• Most of us have garage sales. Then we spend the few bucks we make on the same type of stuff we just sold for pennies. Instead, have an annual charity garage sale (invite your friends and neighbors to join you) and give the money to a targeted local charity or global cause that helps children.
  • An organization called Lifeline Children’s Services has a really cool program. They provide everything your kids need to set up a Stand for Orphans lemonade stand and raise money to support foster care and adoption. It’s a Christian organization, but anyone can help and they offer a fun way for kids with loving parents to help those who don’t have any. I know a little boy who was allowed by a local business to set up his stand by their front door on a Saturday morning! Other friends have helped their kids run their stand at a busy intersection in their neighborhoods.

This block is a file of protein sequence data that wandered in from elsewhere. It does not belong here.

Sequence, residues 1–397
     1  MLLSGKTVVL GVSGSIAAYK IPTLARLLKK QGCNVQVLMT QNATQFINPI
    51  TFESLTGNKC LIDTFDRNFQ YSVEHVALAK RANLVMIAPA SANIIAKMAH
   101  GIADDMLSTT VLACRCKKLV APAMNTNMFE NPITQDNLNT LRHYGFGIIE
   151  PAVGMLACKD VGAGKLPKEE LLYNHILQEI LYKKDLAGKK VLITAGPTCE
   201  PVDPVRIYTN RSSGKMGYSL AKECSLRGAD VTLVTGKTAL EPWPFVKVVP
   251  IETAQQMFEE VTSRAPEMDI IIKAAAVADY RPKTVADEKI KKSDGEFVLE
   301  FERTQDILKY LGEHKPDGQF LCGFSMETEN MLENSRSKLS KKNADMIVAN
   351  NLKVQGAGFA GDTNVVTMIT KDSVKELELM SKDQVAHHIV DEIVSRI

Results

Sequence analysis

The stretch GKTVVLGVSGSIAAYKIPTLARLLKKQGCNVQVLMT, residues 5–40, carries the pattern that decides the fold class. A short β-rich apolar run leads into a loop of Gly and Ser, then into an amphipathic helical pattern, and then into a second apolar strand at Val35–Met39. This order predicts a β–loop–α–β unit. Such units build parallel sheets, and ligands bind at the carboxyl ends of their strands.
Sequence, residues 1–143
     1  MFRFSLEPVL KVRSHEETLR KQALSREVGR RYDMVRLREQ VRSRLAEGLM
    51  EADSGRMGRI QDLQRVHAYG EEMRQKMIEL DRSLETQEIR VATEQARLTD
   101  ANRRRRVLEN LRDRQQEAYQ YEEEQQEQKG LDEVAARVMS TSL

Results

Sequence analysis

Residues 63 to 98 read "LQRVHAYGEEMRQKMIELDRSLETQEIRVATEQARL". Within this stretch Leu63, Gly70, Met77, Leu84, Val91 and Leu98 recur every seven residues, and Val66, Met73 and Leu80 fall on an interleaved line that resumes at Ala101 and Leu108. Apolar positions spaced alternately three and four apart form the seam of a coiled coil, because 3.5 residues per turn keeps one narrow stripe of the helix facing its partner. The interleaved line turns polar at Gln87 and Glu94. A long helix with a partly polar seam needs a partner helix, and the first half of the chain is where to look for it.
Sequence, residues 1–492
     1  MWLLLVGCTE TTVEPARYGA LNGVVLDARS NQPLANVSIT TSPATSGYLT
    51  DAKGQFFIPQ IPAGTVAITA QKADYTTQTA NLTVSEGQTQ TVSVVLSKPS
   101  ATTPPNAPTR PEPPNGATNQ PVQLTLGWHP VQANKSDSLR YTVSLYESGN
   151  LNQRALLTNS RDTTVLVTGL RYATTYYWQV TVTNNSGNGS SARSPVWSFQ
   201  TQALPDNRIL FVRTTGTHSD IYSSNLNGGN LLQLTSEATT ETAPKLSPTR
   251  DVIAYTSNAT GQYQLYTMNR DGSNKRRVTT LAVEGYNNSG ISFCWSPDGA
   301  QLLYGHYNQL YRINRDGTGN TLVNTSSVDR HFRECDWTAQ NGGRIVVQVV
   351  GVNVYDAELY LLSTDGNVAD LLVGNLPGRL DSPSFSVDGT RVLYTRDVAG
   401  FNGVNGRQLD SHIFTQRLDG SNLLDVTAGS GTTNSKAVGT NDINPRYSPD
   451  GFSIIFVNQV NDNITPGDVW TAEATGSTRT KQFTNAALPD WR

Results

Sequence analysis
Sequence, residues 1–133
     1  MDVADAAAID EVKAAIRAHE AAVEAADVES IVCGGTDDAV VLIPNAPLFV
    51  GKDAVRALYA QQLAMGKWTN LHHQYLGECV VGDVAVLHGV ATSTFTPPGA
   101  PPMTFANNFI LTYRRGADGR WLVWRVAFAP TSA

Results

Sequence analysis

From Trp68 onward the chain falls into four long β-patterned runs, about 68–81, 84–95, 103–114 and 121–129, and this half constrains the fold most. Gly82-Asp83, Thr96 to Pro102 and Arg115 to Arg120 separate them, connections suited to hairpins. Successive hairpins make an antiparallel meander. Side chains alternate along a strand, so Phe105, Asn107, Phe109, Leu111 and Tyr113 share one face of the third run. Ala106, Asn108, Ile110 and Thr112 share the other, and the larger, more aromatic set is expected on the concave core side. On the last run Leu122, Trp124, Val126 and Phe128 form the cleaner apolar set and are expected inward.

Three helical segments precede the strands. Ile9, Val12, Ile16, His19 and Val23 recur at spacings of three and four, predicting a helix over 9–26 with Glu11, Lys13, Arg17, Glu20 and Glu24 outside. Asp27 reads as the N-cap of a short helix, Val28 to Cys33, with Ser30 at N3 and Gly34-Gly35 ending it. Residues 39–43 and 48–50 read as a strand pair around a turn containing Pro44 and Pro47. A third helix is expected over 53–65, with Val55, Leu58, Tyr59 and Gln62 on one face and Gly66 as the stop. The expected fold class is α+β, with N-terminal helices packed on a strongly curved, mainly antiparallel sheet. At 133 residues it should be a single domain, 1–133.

• Buy Chris Marlow’s book, Doing Good is Simple, on Amazon. Proceeds from the sale of the book to date have funded more than 70,000 meals for kids in need.
  • If you have the time, volunteer weekly or monthly to mentor kids at a Boys and Girls Club or tutor them at a local school, or support foster children as a Guardian ad Litem court advocate.

Each of us can help. Each of us can make a difference. It might not always be easy, but it’s simple.

Maybe certain circumstances in your life have made you cautious in reaching out to others. If that sounds like you, take a listen to this podcast episode: The Complicated Heart – Loving Even When It Hurts With Sarah Mae – 149

Scroll to Top